Manas Tungare

Presentations: The Good, The Bad and The Ugly

I’ve been reading Presentation Zen lately, and various related resources. I’ll credit Stanford Law School Professor, Larry Lessig, with exposing me to “alternate” styles of presentation when he gave a talk at Google last Summer.

Some interesting quotes and links I picked up along the way, with credits.

“If someone that did not attend to [sic] my presentation can understand anything if I mail them my slides, I have made a really bad set of slides. Really bad.” — eirikso.com.

“What a computer is to me is it’s the most remarkable tool that we’ve ever come up with, and it’s the equivalent of a bicycle for our minds.” — Steve Jobs.

An excellent presentation from Seth Godin at the Gel Conference, on all things broken!

Jonathan Shewchuk’s tips for academic talks.

“Start-up a PowerPoint presentation and the average IQ of the room drops by 10 points.” – Anon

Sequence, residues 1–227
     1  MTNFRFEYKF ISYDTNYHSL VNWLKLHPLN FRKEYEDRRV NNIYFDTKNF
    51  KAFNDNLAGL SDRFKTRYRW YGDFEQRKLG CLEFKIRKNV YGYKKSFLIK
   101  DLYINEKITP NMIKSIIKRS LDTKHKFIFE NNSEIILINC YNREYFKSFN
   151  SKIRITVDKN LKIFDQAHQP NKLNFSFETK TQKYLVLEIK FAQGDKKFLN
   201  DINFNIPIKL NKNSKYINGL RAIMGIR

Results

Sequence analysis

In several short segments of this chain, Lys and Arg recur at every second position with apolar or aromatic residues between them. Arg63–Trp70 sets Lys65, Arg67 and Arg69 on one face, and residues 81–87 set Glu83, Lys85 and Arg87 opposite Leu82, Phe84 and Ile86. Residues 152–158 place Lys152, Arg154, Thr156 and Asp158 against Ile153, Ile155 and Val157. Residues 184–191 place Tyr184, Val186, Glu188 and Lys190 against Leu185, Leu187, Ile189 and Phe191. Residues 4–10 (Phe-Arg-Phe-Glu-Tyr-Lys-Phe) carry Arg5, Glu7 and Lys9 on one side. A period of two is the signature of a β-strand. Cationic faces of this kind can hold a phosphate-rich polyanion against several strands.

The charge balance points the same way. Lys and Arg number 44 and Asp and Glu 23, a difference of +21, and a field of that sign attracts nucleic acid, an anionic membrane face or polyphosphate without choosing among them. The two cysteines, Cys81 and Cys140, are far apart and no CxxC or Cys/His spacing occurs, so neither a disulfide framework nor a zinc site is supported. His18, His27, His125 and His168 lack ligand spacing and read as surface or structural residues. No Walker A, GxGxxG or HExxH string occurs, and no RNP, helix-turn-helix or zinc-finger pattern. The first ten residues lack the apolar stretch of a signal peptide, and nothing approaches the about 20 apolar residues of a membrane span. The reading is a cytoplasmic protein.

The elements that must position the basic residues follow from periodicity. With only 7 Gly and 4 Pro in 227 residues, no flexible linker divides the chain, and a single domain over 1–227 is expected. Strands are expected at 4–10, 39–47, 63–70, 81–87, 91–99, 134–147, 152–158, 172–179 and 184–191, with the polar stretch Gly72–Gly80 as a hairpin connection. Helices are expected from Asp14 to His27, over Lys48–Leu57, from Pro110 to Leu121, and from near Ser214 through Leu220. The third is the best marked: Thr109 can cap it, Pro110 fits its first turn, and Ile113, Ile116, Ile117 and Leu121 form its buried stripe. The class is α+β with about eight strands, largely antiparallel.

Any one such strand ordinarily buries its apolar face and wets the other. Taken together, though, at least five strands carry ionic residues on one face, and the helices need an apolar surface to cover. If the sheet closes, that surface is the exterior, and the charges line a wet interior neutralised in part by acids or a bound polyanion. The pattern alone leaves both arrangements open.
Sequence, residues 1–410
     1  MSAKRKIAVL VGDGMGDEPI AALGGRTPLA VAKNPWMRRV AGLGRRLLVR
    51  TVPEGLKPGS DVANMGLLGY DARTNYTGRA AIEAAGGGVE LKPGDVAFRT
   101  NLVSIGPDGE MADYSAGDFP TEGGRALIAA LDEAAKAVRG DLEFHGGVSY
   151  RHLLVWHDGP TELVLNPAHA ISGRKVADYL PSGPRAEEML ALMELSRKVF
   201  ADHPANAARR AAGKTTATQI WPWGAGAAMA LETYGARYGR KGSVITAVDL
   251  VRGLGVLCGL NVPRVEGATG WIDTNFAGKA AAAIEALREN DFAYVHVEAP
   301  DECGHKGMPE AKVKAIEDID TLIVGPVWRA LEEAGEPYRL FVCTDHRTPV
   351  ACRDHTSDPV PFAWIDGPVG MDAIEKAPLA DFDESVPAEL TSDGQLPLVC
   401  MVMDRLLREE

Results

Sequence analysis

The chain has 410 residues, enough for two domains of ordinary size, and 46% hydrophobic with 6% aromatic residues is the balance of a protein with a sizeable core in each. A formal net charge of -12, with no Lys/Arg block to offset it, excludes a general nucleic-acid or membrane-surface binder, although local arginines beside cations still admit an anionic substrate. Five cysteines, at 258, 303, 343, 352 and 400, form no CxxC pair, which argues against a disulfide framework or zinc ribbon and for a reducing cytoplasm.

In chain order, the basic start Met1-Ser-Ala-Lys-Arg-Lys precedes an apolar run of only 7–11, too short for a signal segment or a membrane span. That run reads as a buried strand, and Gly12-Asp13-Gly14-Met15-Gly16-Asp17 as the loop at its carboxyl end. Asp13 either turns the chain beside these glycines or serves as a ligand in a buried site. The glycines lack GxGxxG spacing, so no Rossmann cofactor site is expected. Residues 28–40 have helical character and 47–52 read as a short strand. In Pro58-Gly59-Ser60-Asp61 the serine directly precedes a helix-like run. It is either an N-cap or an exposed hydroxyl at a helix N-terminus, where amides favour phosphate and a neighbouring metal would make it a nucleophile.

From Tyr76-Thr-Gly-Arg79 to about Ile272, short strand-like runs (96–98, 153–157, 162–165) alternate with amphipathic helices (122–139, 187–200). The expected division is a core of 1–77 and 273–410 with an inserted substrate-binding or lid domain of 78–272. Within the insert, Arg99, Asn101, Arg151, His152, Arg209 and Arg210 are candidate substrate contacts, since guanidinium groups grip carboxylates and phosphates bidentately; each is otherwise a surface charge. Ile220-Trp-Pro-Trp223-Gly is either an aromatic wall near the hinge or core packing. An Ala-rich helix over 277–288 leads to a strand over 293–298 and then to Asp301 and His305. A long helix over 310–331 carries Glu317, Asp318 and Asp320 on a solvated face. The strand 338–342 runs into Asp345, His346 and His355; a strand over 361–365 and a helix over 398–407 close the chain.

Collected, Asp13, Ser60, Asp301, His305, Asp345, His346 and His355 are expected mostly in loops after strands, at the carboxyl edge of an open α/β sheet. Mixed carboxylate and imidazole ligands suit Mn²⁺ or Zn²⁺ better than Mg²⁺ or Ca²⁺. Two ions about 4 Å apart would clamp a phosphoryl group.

A suicide PowerPoint presentation featured on The Onion.

Comments

  1. Yeah, presentation zen is an excellent site. I read almost every post written on the site and each post filled with tons of information on how to present. Though the alternative styles are very interesting, you will have to think very carefully while using the style for academic talks. Another interesting presentation style is Dick Hardt’s key note (some what similar to Larry’s).

    Pradeep Padala — May 20, 2007

  2. Manas, thanks for the list! I came across this really late, but am finding it useful nevertheless :)

    Uma — September 23, 2008

  3. How not to use PowerPoint: Don McMillan outlines some common mistakes: http://www.youtube.com/watch?v=cagxPlVqrtM

    And how it should be done: Hans Rosling talks to TED about poverty and development: http://www.ted.com/talks/hans_rosling_shows_the… and again at http://www.ted.com/index.php/talks/hans_rosling

    Timothy (TRiG) — February 9, 2009

  4. Timothy (TRiG) — May 5, 2009

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